Sunday, March 22, 2015

In Fair Naples

I drove the 100 miles or so to Naples, Florida, yesterday for the AACA Naples-Marco Island Region’s annual show at the historic depot.  It was a nice day with great weather and a lot of interesting automobiles, including some beautiful mid-1930’s Packards and a row of American cars from the late 1940’s and early 1950’s.  The folks were very friendly and there was plenty of shade for those of us who get sunshine year-round.


There were a lot of nice comments about the Pontiac, most people saying they either had fond memories of family station wagons or how nice it was to see a car like that at show, noting that it’s rare to see a car of that type on display.  I also made a lot of friends from Toronto who spotted the Ontario plates and asked if I kept the car down here, the assumption being that I, like a lot of Naples visitors, was a snowbird.  I told them the story of the car being built at the GM of Canada plant in Oshawa, Ontario; hence the Ontario plates.

I put the car in for judging more for fun than anything else; the entry fee is the same.  I was happy to win third place in American Production 1981-1990.  The fact that there were only three cars in the class didn’t take away from the honor.

017There were two other members from the Miami club who entered the show and they both won in their classes, so it was a good day for everyone.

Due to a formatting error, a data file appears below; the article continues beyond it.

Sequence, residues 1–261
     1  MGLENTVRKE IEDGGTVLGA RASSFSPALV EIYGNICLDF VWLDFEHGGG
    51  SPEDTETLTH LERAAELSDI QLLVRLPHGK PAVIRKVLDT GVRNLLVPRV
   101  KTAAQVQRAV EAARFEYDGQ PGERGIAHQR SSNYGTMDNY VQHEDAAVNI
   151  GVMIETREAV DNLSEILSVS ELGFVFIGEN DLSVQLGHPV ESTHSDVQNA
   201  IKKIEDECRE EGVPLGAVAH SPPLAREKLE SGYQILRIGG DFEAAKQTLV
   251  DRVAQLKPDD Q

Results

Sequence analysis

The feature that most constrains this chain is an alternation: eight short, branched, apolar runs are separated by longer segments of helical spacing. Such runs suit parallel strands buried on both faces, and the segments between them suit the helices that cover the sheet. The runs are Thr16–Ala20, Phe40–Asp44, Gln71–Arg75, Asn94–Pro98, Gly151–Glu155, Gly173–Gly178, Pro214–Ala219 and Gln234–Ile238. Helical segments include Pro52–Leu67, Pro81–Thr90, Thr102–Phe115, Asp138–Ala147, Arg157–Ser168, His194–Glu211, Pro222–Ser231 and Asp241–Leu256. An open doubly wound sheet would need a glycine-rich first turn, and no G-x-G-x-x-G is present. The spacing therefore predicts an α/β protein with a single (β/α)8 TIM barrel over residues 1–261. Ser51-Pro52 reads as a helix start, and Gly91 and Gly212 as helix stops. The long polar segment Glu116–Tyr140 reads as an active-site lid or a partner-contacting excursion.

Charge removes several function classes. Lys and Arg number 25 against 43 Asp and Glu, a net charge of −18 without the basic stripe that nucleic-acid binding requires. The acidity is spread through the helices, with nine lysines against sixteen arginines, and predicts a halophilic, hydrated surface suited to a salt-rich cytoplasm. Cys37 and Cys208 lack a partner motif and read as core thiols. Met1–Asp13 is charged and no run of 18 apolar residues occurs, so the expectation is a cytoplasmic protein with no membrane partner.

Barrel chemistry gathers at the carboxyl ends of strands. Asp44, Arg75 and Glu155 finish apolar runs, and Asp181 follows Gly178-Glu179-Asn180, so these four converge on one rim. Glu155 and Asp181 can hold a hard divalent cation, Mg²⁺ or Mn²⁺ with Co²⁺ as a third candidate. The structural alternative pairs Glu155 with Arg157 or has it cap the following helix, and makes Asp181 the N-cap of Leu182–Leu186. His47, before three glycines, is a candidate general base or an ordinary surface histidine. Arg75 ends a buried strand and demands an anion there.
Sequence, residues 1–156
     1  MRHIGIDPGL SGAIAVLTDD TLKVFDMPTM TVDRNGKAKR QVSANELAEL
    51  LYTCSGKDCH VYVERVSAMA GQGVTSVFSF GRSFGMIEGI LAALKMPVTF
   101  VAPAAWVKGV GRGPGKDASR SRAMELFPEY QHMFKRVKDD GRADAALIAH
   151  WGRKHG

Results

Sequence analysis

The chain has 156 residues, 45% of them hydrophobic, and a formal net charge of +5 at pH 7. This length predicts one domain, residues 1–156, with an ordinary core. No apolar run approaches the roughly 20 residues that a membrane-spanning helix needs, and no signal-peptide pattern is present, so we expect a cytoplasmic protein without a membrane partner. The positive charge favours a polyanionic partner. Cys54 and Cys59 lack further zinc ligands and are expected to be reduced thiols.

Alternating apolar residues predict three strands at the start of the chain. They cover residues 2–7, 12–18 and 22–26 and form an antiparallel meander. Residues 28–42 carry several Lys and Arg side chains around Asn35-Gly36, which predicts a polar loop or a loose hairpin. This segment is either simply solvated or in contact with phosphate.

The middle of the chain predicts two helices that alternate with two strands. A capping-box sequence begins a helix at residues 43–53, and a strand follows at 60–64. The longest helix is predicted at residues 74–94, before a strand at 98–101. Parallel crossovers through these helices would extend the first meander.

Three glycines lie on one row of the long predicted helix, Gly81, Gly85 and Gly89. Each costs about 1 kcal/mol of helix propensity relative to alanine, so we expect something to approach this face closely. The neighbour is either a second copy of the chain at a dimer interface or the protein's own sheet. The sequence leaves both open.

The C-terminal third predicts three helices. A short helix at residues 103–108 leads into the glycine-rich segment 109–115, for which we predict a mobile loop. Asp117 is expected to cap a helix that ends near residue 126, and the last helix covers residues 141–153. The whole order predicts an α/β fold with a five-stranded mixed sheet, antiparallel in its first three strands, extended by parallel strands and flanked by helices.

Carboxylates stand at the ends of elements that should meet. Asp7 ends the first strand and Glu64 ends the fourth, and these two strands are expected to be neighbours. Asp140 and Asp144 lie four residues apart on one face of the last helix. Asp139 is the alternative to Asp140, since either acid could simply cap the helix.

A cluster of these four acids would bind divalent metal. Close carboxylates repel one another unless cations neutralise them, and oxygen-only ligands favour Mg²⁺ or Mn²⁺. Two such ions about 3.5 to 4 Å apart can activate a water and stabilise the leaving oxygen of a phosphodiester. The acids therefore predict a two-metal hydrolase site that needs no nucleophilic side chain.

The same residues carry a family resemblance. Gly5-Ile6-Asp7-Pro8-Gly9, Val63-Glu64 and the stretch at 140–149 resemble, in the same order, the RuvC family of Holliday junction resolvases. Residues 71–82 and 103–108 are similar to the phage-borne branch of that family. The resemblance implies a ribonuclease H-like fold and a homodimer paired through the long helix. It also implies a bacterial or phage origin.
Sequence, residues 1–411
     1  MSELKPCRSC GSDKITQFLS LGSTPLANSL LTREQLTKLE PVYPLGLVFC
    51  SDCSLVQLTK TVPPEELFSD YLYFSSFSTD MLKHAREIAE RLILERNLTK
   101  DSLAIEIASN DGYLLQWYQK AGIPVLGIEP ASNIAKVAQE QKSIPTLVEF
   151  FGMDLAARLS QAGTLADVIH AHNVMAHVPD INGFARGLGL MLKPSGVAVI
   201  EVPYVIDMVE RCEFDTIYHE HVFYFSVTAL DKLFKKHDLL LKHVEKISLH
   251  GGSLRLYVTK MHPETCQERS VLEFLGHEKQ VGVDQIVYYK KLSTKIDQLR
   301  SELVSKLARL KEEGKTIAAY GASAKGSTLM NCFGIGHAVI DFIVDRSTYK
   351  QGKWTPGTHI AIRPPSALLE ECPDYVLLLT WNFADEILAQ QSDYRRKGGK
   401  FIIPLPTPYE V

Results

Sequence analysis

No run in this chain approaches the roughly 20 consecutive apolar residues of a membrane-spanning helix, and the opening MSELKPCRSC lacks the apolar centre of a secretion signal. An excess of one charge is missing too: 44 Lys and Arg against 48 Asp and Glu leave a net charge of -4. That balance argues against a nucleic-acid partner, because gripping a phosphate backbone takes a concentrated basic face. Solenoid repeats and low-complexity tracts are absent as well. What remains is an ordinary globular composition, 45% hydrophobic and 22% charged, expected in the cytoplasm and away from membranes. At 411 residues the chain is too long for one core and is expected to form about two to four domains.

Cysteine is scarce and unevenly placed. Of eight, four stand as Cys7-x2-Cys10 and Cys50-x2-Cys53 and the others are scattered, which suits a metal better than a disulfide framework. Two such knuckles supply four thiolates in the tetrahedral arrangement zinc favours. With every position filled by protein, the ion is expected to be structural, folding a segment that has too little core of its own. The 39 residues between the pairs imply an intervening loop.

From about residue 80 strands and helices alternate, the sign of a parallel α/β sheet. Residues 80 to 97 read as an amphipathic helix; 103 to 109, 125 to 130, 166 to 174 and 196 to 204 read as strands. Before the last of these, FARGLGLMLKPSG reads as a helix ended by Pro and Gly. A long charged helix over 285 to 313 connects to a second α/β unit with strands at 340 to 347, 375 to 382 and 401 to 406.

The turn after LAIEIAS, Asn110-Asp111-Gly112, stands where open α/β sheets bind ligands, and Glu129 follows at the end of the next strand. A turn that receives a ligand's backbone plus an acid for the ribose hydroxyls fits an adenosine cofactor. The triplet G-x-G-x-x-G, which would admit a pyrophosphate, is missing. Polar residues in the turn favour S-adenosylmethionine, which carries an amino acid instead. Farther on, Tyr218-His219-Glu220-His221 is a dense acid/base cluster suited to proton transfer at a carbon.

2 barks and woofs on “In Fair Naples

  1. I remember being driven in our Packard to my grandparents’ house across the Missouri river to Alton,Illinois for Christmas dinner. There was room for Mother and the three of us, my dad sitting in front beside Lawrence, our driver/handyman, with my brother on one of the jump seats. We had a plush rugs to cover our knees since there wasn’t heat in the cars then. The windows fogged up with the ice from our breath and we loved making pictures with our hot little fingers that melted the ice. Such a beautiful car and fun for me to see some of them again.

  2. “The fact that there were only three cars in the class didn’t take away from the honor.”

    I once won Third Prize in an Irish flute competition on exactly the same basis. Considering I was new to Irish flute (physically only slightly different from the baroque flute I usually played, but playing music vastly different in style, much of it improvised), I was right pleased with that third-out-of-three finish. Under the rules, they weren’t even obligated to hand that Third Prize to anybody.

    In any case, those are some mighty fine-looking automobiles…

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